"Blended" Information Literacy Instruction (ILI) Credit Course for Undergrads

Institutional context:
One of nine campuses in a large public research university system, offering Bachelors, Masters, Doctoral and Post-Doctoral programs.  

User Population:
32,000 students total; 24,000 undergraduates (top 12% of high school senior class); 8% of undergraduates are underrepresented minorities; 4% of all students are international students; 8,000 graduate students (graduate Teaching Assistants teach a number of undergraduate courses); 2,800 faculty members; members of the general community, including "advanced placement" high school students, college students from surrounding areas, teachers, visiting scholars and researchers. 

Library context:
Third largest academic library in the country; 8 million volumes; 91,000 periodical subscriptions (print and online); 12 libraries on campus, one off-campus library; online catalog with automated circulation; 110 librarians; 300 support staff; Undergraduate Library has 175,000 volumes, subscribes to 250 periodicals, and provides access to all of the electronic resources available to other campus libraries through local and statewide licensing, with the exception of databases restricted to Law School and Management students and faculty. 

Instructional Problem & Existing IL Programs:
You are one of five reference/instruction librarians in the undergraduate library. Librarians all participate in an extremely heavy instructional program, including customized one-shot course-integrated sessions for 30-40 classes/10-week Quarter, as well as individual research appointments, paper point-of-use guides, various instructional Web pages, and online information literacy tutorials. Librarians also spend about 10 hours/week at the Reference Desk or on digital reference.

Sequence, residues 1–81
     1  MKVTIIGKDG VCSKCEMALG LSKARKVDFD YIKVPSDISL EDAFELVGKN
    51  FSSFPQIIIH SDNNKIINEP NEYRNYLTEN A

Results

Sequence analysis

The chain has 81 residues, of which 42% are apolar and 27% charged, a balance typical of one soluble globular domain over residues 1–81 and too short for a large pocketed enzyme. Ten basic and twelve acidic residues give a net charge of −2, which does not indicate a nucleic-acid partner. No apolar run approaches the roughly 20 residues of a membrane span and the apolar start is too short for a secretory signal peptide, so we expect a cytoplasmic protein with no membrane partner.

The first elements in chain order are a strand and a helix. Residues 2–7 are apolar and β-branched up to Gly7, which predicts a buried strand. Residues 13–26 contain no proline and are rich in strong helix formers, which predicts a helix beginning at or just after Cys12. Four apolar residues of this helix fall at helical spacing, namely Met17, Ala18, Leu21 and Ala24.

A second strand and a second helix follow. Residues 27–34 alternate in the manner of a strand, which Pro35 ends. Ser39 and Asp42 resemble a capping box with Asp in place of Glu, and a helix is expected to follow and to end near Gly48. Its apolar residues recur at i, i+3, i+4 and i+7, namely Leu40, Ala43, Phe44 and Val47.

Your library has been a leader in reaching out to faculty and TAs on campus regarding basic ILI for undergraduates, and in developing new and innovative forms of ILI. One librarian in your library has developed an interactive tutorial focused on plagiarism and documentation. You have been the primary developer of another general interactive IL tutorial that includes Camtasia Studio videos output as Flash movies. You have also developed and taught one-unit ILI courses for undergrads, one for upper-division students, and the other for freshmen.  With the support of the Head of your library, you have been trying to encourage other librarians to teach these and other one-unit IL courses, and you think that a "blended" course (part in-person/part online) would entice more of them to give it a try. The Head of your library is very supportive of this innovative approach and wants you to work with other librarians, faculty, grad students, and IT staff to develop a grant proposal to support it. 

 All of the librarians in the Undergraduate Library are available to assist with instruction, though at different levels and with different skills, and other partners may assist as well.

Esther Grassian
Distinguished Librarian
Adjunct Lecturer
UCLA Information Studies Dept.
Information Literacy Librarian, Retired
(Formerly, UCLA College Library)
Twitter: estherg
SL: Alexandria Knight

Saturday, December 24, 2011

"K12 Digital Citizenship Wiki"

Just added to the LILi website in Grades K-5 Directories & Megasites and in Grades 6-12 Directories & Megasites, Lesley Farmer's K12 Digital Citizenship Wiki. From the Wiki site: "This site provides k12 curriculum on digital citizenship and professional development for adults working with K12 students on digital citizenship."